For those who aren't aware, "Bachelor in Paradise," is a spin-off of the, "Bachelor/Bachelorette," franchise where people who did not, "Win," the heart of the main person in various seasons go hang-out at a resort, drink, hook-up, and maybe fall in love. Basically, if the main show is dedicated to the fantasy of finding a perfect soulmate through competitions and elaborate ceremonies, this is the more relaxed and low-key version where everybody realizes they just want to drink, make-out, and possibly fuck. Even the place they go to bone has a humorous name, referred to as the, "Boom-boom room," instead of a, "Fantasy Suite." It's also a very self-aware show and hilarious as the men and women all alternate between having a great time and squabbling. I can't stop being annoyed with Colton though and how he symbolizes some of the series' biggest flaws.
I suppose even if, "Bachelor in Paradise," is a more chill version of the main show it still suffers from promoting certain social conepts. Colton is the stereotypical, "All American," boy--handsome, strong, and tough, yet still virginal and vulnerable enough with his occasional crying to be masculine but not toxic. Oh, and he is white and blonde. He's a concept viewers of the series are comfortable with. this way they don't have to feel challenged by difficult discussions such as the ones about race that happened in the season where Rachel was the Bachelorette (the first-ever Black person to be the star of the show) and ratings dropped, or when past contestants on the show have called-out how silly it is to think every season has to end in a proposal as opposed to maybe just agreeing to try monogamously dating once the show is done.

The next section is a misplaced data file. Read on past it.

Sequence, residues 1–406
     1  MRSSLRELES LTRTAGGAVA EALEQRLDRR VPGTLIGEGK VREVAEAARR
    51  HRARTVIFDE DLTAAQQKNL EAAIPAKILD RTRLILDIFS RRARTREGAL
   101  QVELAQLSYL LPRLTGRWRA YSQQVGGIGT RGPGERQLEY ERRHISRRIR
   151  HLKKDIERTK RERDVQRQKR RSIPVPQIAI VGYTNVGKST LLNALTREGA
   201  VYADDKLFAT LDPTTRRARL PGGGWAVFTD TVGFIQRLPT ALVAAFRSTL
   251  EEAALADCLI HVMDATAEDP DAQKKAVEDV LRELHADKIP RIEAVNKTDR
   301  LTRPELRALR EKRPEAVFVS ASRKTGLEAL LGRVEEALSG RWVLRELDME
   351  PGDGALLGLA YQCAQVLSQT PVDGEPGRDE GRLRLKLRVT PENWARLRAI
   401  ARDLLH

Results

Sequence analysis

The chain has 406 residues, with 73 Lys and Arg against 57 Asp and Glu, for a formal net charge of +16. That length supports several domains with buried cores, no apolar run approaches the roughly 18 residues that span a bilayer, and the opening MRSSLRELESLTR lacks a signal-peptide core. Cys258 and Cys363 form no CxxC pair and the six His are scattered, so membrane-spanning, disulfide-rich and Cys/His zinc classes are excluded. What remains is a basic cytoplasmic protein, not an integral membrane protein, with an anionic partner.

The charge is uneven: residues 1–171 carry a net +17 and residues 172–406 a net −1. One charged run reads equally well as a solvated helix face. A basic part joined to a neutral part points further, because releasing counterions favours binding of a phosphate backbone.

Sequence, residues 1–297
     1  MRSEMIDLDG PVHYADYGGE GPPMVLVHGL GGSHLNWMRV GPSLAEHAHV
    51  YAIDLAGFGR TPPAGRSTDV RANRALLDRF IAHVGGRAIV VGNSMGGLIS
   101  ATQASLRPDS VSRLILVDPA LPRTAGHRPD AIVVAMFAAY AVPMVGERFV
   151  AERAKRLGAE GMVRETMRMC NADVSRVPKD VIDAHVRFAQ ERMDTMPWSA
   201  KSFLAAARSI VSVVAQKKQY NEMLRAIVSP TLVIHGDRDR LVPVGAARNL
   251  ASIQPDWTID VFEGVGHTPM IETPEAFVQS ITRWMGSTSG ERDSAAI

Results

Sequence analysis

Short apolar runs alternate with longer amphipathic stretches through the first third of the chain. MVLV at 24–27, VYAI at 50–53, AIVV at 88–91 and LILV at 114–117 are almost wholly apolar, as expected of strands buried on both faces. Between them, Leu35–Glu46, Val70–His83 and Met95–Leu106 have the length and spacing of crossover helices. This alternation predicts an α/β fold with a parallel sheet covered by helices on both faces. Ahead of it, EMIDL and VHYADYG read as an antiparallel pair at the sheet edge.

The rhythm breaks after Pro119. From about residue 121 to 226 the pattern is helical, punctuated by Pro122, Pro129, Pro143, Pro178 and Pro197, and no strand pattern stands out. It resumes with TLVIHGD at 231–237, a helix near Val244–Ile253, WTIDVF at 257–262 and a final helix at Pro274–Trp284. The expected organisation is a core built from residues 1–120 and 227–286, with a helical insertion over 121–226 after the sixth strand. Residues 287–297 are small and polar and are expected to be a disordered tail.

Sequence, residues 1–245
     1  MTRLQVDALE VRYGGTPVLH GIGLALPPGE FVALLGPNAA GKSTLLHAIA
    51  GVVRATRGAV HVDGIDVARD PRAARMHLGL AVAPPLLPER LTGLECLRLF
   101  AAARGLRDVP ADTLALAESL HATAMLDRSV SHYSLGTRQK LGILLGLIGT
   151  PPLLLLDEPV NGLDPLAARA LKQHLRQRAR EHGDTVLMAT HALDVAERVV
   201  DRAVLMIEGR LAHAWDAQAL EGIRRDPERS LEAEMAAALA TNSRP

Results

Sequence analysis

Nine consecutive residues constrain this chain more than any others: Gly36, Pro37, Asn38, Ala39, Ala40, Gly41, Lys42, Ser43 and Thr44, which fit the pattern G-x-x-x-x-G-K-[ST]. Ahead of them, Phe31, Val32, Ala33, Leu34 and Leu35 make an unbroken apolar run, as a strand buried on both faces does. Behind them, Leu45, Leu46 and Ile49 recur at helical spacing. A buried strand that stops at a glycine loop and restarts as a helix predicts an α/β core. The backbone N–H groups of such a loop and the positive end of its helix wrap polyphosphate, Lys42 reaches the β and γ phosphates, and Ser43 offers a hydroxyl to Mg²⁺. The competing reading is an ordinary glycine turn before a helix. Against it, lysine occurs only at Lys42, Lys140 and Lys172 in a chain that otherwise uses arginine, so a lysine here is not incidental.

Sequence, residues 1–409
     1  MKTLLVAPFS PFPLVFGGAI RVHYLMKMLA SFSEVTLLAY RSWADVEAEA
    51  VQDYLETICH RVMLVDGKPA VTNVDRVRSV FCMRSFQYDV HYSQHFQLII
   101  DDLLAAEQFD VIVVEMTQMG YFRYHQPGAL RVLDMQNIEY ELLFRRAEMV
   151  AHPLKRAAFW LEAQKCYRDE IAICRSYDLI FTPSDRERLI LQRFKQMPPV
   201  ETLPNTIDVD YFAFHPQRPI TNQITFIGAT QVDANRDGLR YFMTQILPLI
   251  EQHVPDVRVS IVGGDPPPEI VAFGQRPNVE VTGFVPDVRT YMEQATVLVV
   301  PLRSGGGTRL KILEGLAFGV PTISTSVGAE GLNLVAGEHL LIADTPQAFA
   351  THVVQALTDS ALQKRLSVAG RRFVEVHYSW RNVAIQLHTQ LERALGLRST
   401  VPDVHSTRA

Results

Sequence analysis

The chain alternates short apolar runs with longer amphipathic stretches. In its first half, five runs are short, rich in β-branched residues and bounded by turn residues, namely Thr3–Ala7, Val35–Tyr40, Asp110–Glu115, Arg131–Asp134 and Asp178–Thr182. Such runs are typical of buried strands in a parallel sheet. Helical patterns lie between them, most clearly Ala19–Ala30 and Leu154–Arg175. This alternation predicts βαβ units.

|Bibiana is often more outspoken or bold than other women on the series.|
She also is often treated as, "Crazy," or comedic-relief.
It's fun and trashy television, but for every time it seems to be making social progress, a chunk of the audience seems to want to have any step forward be followed by two steps back. I feel like Colton unintentionally epitomizes this, and as this post has made clear, that irritates the Hell out of me. I still enjoy, "The Bachelor/Bachelorette," as well as its wacky, "Bachelor in Paradise," spin-off, but seeing all the self-imposed limitations the shows give themselves just is a bummer.